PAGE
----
Excerpt: Chapter 1
“Looking back today, I know Scleroderma prepared me to believe I can do anything or at least give it my all in trying. Doctors gave me a death sentence, but I refused to listen. I fought back because that’s what I do. When life pushes against me, I push back harder. Which is why, on the heels of the global financial crisis of 2010, I started a business in a field largely uncharted. Many thought I was crazy, but when you have walked through hell like I have, it is all a matter of perspective.
I’ve experienced excruciating pain, had medical treatments that would take down the strongest of people, and faced, head on, a disease that wanted me dead. It is a miracle I am still here, and because of that, I realize there isn’t anything in my business I can’t handle. Nothing comes close to what I have been through with Scleroderma. It is this perspective that makes me a good CEO and is the key reason my company is so successful today.
The first 39 years of my life, I was the picture of health. Active, in good shape, and never needed more than an aspirin for a headache. Then all of that changed. A disease I didn’t know about silently attacked my body. After only a couple of months, my symptoms went from mild to severe. The worst part was my hands. It felt like somebody stuck a straw under my skin, blew air in there, and made them swollen and hard as rocks. My hands ballooned, swelled, and became so tight the skin wouldn’t move at all. Then my fingertips started to rot from the outside in. My pointer fingers and my middle fingers had skin ulcers called infractions. Parts of the skin would fall off and then the skin underneath would turn dark, greenish-black from the gangrene. The physical pain was excruciating, unlike anything I had ever experienced before. Mentally, I had no idea how to go on.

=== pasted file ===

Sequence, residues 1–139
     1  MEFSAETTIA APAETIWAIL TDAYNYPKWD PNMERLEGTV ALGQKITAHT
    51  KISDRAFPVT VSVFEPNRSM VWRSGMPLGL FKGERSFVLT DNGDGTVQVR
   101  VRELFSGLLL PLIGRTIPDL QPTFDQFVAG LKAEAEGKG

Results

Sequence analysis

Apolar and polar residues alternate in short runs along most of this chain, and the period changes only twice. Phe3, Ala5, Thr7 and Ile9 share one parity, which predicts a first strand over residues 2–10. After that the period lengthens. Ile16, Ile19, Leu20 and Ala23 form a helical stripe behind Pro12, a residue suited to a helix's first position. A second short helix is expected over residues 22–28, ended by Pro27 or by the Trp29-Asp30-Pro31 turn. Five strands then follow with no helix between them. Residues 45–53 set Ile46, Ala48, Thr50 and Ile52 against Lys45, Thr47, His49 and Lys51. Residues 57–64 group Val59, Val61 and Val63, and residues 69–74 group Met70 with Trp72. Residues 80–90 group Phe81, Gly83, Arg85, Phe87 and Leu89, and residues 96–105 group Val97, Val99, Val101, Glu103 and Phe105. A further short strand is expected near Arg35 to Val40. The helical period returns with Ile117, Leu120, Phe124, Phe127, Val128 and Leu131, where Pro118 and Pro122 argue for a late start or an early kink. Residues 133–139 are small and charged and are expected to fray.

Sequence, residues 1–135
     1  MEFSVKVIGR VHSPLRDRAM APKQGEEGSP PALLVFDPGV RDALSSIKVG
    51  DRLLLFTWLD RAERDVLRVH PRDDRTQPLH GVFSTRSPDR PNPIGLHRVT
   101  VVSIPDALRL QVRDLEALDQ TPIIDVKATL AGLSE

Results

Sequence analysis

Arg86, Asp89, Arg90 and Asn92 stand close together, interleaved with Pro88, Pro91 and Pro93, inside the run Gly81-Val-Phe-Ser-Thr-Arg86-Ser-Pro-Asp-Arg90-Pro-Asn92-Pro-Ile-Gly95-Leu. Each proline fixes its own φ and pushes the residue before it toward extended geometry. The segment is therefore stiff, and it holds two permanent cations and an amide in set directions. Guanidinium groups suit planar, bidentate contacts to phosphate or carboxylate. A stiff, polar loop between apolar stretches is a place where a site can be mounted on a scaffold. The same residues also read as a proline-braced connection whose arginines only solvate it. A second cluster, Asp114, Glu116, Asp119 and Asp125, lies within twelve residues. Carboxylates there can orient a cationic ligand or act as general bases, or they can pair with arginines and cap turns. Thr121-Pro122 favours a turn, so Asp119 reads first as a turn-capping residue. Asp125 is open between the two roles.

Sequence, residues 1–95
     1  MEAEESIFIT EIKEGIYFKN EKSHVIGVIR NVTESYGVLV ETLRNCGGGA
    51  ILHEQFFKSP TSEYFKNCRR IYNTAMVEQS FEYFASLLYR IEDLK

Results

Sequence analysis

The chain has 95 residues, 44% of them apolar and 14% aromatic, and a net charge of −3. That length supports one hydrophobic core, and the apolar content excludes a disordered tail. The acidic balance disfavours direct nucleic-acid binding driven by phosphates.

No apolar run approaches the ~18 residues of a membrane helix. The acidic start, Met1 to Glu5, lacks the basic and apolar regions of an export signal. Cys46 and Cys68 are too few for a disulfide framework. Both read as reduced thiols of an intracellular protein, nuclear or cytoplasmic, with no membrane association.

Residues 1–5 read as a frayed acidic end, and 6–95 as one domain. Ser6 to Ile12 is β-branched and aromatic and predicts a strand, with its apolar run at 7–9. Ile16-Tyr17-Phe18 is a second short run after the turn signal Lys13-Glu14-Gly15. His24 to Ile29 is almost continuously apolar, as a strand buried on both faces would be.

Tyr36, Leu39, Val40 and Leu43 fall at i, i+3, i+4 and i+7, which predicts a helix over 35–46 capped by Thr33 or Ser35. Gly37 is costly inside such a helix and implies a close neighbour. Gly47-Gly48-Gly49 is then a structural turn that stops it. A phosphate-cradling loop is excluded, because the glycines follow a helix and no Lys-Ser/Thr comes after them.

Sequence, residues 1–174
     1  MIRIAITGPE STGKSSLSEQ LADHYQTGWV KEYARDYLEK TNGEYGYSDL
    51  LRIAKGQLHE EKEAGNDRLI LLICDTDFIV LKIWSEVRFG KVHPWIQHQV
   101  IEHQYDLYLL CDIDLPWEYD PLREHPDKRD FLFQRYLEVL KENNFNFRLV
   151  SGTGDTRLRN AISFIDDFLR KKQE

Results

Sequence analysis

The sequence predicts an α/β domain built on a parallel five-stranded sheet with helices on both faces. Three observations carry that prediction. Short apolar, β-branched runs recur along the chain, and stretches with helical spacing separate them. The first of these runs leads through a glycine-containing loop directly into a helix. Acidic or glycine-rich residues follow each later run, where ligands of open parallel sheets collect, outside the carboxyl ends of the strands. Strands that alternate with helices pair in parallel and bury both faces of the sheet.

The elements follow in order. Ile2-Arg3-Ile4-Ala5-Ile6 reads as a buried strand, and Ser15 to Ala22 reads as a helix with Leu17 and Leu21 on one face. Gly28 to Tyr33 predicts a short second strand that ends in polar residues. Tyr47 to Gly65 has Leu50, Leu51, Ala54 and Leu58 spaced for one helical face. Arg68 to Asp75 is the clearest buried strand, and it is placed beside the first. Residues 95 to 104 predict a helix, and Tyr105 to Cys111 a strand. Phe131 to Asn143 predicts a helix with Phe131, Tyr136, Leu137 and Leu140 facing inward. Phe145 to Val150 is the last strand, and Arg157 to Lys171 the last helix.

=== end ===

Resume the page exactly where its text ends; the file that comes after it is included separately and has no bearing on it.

I would wake up in the middle the night screaming in pain, crying and begging my husband to have the doctors cut my fingers off. The two Fentanyl Transdermal (Morphine) patches I wore all the time, along with a laundry list of other types of drugs, were meant to help me maintain some kind of quality of life with less pain. They weren’t working.
In 2005, my life changed. I remember watching the nurse practitioner read a document in my file, look down at the ground, then shake her head as she matter-of-factly told me, “It’s not good. You have Scleroderma, and given the type, you have 12-18 months to live. I recommend you get your affairs in order.”